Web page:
So far, by example, you know that the fieldholder @<<<< means a five-character left-justified field and that @<<<<<<<<<< means an 11-character left-justified field. Here's the whole scoop, as promised earlier.
Most fieldholders start with @. The characters following the @ indicate the type of field, while the number of characters (including the @) indicates the field width.
If the characters following the @ are left-angle brackets (<<<<), you get a left-justified field; that is, the value will be padded on the right with spaces if the value is shorter than the field width. (If a value is too long, it's truncated automatically; the layout of the format is always preserved.)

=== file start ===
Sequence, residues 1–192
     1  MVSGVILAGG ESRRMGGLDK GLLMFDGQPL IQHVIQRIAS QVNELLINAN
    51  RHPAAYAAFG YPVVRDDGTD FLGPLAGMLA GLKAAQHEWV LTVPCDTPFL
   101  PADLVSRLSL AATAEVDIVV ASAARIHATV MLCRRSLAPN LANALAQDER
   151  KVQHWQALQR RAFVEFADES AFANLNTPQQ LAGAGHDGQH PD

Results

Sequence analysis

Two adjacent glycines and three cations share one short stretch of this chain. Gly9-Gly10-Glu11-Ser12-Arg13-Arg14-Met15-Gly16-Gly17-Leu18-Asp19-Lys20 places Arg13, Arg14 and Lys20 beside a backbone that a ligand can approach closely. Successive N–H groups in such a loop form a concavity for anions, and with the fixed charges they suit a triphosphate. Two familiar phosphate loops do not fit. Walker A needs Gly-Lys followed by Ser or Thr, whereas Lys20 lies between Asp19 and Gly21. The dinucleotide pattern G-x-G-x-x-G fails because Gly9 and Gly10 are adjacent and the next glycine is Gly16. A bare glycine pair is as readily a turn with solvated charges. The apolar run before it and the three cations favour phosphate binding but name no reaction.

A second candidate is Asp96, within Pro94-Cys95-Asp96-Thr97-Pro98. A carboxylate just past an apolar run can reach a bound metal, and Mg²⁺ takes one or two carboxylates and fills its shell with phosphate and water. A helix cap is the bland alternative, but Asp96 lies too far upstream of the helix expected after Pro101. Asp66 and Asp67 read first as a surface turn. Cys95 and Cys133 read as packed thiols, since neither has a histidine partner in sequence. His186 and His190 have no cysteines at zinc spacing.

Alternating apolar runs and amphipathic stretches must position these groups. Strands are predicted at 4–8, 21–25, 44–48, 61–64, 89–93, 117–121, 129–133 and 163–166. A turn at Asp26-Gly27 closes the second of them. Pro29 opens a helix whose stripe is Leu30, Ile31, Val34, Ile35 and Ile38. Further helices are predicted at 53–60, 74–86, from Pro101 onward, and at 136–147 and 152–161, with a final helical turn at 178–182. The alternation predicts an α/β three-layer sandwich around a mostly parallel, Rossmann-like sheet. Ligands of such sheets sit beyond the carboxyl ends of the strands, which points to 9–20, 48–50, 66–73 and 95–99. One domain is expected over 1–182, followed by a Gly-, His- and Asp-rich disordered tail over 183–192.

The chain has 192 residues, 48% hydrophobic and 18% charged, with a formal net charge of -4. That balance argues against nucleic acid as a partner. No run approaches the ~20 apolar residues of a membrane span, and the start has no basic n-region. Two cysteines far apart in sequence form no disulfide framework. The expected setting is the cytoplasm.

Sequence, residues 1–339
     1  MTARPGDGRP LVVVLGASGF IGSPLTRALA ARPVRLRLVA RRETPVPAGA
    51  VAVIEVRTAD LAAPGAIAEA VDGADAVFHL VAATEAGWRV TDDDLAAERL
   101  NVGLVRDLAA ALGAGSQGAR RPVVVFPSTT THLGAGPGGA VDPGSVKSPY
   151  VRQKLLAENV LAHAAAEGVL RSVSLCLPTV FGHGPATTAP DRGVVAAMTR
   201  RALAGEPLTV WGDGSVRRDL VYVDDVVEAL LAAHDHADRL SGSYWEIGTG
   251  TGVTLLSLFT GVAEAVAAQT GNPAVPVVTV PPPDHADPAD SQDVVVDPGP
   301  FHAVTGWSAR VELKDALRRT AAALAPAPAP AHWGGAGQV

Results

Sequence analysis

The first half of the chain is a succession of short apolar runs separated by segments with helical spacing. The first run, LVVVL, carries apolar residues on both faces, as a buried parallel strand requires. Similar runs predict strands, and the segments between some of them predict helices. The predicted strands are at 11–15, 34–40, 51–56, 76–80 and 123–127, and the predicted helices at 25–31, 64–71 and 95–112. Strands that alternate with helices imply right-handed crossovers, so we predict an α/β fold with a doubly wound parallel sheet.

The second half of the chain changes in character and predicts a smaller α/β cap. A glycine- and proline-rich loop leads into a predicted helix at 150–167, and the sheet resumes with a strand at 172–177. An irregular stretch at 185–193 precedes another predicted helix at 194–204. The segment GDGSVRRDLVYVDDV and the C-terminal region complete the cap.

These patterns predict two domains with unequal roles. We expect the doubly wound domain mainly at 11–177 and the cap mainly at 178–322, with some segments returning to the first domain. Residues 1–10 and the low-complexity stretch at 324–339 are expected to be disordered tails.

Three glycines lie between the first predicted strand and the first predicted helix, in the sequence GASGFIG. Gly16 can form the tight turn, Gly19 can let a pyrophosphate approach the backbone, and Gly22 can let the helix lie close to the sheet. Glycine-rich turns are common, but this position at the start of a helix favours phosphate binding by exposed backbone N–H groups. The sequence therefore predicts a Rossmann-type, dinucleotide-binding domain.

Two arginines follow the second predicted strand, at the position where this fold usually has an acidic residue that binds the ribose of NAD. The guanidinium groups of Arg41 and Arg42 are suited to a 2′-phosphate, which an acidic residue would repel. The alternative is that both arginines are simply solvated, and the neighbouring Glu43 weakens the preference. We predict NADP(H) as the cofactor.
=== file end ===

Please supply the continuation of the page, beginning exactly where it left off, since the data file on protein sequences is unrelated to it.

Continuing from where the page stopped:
If the characters following the @ are right-angle brackets (>>>>), you get a right-justified field—that is, if the value is too short, it gets padded on the left with spaces.
Finally, if the characters following the @ are vertical bars (||||), you get a centered field: if the value is too short, it gets padded on both sides with spaces, enough on each side to make the value mostly centered within the field.
Another kind of fieldholder is a fixed-precision numeric field, useful for those big financial reports. This field also begins with @, and is followed by one or more #'s with an optional dot (indicating a decimal point). Once again, the @ counts as one of the characters of the field. For example:
format MONEY = Assets: @#####.## ...